Although commonly called Flowering Maple, Abutilon striatum, is not a Maple tree. This plant gets this common name because the leaves resemble the leaves of Maple trees. Flowering Maples are in the Mallow family and closely related to Hollyhocks, Hibiscus, Rose of Sharon and Okra. Another relative of Abutilon striatum is the weed commonly called Velvet Leaf, while the flowers on Velvet leaf are smaller and the foliage is different the seed pods are similar in both plants. This plant is commonly found throughout South and Central America but is thought to be native to Brazil. In the United States it is grown as a shrub in warm climates and as an annual or houseplant in colder climates.
After your exotic Climbing Lily flower (see link for flower photo) fades you'll see an interesting seed pod develop. The seed pod that a Gloriosa Lilies will produce isn't as colorful or exotic looking as the flower but still is interesting to watch as it develops seeds. Withing a few weeks your seed pod will starting splitting at the bottom exposing round tomato-like fruits that contain the seeds you're looking for if you want to propagate by seeds.
Earlier in the week I came across the story of Betty Perry, 70 years old, who was arrested after she scuffled with a police officer who went to her home because she had let her lawn go brown. During the struggle Perry fell and injured her nose and according to her attorney, Gloria Allred, she was handcuffed with "bruises and blood." Betty Perry is being charged with resisting arrest and failing to maintain her landscape, both misdemeanors.
at 3:47 PM
In the North Lawndale neighborhood on Chicago's west side there is a faint buzz in the air. If you listen carefully you'll notice the noise isn't coming from the construction sites that have sprung up as a result of redevelopment, the noise you hear is coming from honey bees. In the winter of 2004, three urban bee keepers came up with the idea of creating the Chicago Honey Co-op and turning their passion into a business that would also benefit the community it resided in.
When I first heard of plans to move the Chicago Children's Museum to Grant Park I was firmly opposed to the idea. I had visions of green space being torn up and replaced by a monstrosity overrun by wide-eyed, sticky-fingered kids. But mostly my opposition stemmed from my jealousy of even more park development for affluent areas of Chicago. Back in March I posted an entry on this gardening blog, titled "Dear Mayor Daley," where I complained about the disparity of park development in undeserved neighborhoods. Today I'm still not pleased with situation we have in many of our neighborhoods that aren't near the lake but I'm no longer in opposition of the Chicago Children's Museum desire to move to Grant Park.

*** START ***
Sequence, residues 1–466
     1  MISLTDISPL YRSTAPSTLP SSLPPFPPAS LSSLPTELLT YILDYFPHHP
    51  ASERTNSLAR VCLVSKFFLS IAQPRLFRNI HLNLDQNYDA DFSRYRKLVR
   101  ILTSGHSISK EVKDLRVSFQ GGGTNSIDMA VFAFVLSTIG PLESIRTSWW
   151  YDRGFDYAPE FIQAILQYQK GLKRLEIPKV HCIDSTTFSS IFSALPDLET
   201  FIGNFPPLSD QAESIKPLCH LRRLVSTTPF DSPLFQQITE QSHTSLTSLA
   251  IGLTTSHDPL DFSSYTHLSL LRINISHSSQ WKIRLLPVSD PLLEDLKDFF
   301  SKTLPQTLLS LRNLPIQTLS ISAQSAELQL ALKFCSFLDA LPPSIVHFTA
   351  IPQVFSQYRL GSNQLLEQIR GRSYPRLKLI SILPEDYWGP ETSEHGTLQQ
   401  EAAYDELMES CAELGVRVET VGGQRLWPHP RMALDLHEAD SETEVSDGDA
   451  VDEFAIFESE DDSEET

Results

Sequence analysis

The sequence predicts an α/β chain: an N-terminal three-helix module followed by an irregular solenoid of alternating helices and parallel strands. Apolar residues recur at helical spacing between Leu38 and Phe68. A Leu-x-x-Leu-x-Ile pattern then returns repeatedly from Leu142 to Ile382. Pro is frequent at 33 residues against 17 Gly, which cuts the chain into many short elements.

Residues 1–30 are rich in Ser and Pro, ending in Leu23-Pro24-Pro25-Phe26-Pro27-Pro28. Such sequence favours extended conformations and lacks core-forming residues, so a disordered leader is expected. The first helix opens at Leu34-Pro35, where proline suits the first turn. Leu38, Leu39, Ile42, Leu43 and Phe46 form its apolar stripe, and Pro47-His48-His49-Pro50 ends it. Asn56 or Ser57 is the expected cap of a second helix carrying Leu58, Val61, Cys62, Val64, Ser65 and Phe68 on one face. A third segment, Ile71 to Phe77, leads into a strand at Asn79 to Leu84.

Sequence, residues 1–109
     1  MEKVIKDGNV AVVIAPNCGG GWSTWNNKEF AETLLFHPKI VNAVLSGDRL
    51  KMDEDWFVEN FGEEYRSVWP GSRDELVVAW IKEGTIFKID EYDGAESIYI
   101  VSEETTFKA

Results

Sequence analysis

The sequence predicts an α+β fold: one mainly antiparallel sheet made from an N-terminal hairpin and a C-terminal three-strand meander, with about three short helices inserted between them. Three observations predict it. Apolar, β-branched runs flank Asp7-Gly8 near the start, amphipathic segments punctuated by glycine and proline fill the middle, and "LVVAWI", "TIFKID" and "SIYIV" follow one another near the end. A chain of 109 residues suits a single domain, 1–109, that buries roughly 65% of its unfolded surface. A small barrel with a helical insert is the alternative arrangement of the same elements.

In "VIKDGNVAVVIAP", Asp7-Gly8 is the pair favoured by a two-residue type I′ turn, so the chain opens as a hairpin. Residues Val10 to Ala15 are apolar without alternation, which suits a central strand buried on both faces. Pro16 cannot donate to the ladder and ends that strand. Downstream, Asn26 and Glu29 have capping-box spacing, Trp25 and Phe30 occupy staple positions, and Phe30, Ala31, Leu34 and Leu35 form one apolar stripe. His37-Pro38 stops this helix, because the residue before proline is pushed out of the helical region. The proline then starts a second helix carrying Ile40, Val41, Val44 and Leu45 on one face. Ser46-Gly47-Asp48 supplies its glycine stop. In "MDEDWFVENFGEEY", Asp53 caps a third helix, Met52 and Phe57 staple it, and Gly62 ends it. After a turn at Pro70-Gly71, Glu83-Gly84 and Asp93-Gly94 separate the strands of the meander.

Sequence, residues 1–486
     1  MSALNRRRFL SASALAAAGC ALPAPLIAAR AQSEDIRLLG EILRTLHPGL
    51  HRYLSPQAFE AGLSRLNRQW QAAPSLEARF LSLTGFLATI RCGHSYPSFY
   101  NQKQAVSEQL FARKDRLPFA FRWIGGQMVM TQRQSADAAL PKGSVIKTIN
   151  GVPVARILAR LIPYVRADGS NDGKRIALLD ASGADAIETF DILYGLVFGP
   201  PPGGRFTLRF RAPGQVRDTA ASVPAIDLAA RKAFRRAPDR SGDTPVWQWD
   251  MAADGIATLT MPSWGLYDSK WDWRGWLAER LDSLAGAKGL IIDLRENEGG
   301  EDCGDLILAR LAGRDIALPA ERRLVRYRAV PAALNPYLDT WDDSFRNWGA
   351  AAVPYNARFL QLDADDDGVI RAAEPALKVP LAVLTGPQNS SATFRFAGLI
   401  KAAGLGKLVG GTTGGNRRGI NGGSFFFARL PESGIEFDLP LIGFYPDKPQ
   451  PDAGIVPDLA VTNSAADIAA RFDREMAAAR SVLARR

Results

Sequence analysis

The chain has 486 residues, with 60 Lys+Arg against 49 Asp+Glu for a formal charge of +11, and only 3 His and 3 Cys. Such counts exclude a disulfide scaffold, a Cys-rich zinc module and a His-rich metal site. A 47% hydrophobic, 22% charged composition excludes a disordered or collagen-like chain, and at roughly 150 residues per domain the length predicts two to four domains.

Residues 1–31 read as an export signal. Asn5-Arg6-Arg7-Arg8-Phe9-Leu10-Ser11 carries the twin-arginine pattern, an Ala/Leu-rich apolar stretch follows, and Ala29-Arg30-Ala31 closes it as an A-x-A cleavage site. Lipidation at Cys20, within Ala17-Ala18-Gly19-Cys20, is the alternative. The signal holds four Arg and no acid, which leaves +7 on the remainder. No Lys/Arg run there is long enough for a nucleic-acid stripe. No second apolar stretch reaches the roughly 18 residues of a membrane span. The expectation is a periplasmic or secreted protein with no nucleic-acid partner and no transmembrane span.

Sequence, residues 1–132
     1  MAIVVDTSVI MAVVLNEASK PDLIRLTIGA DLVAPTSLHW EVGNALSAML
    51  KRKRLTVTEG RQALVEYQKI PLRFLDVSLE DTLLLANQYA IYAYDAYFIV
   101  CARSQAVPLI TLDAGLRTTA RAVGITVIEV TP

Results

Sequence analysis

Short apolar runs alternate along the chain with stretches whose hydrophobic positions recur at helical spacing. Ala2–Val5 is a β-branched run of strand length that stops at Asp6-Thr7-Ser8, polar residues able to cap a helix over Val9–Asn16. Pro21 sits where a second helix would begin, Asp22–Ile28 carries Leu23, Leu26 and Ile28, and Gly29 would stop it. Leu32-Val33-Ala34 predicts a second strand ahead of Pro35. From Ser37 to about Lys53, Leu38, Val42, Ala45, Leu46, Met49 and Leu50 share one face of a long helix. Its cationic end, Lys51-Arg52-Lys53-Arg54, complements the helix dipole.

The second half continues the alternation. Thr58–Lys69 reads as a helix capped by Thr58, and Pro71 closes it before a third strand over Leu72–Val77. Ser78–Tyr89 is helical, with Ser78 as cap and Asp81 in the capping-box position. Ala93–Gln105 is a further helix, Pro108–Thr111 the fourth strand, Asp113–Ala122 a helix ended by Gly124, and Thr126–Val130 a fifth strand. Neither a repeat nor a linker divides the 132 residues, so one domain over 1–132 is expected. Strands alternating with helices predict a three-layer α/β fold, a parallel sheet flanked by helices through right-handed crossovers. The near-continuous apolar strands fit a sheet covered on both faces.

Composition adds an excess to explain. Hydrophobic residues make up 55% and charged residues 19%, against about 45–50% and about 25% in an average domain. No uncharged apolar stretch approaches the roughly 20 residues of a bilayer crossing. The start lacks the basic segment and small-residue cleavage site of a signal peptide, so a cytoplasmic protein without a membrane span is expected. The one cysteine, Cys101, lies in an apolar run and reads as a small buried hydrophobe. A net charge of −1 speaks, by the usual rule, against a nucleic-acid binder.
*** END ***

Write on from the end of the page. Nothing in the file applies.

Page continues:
at 12:31 PM
Today I found myself collecting seeds from my Nasturtiums all the while patting myself on the back for making the decision to grow this wonderful annual in my garden. As I was admiring the flowers I started thinking of the benefits of growing this plant and thought of a few but I'll share my top 5 reasons why I grow Nasturtiums in my garden.
A few weeks ago I put the poll in the sidebar of this blog wondering if people would admit to being "seed snatchers." Not surprisingly some of the respondents didn't know what a seed snatcher was or maybe they aren't familiar with the term. I was surprised the number of people who admit to participating in the practice.
The Chicago Botanic Garden, Greencorps Chicago, The Garfield Park Conservatory Alliance, and Open Lands will be hosting the 2007 Great Perennial Divide on Saturday, September 29th. This is an event where groups and gardeners from across the city of Chicago can swap, donate and/or receive perennials, trees and shrubs.
Recently after some heavy rains I went out into my garden to collect nasturtium seeds. As I was lifting up some of the foliage, to look for fallen seeds on the ground, I noticed a few slugs. My first reaction was "Cool! A new bug to photograph" but then it dawned on my that having these garden pests in the garden wasn't such a good thing.
Recently I came across a small light colored butterfly in my garden that at first glance I thought was a Small Cabbage White I had seen in my garden here in Chicago. When I approached the butterfly it fluttered away revealing a blue or gray tint to the upper leaves. I knew immediately this wasn't a Small Cabbage White.
All of my candy lilies have finished blooming and seeds have started to ripen on the stems of my plants. Two years from now my garden will be filled with these beautiful flowers. Not only did this perennial provide me with interesting flowers during the growing season-but watching the seed development has been just as interesting and informative.
The other day while channel surfing I came across a commercial on my local PBS station for a program called "Lords of the Gourds: The Pursuit of Excellence." Once I got past the cheesy title of the documentary and saw that the program was about a competition involving the growing of giant gourds (pumpkins in particular) I made a mental note to watch it when it airs on Wednesday in Chicago. The PBS website doesn't have a good description of the documentary but I found one on the Rocky Mountain PBS website.
This weekend I came across a very creative garden gate made of twigs that I assume the homeowner/gardener made out of branches from their garden. On a city street in Chicago among a row of nice homes and well maintained green spaces this little garden gate stands out when driving past it. I rode by it twice before I finally stopped and snapped this photo of the gate and wanted to talk to the people tending the inviting garden behind it but lost my nerve.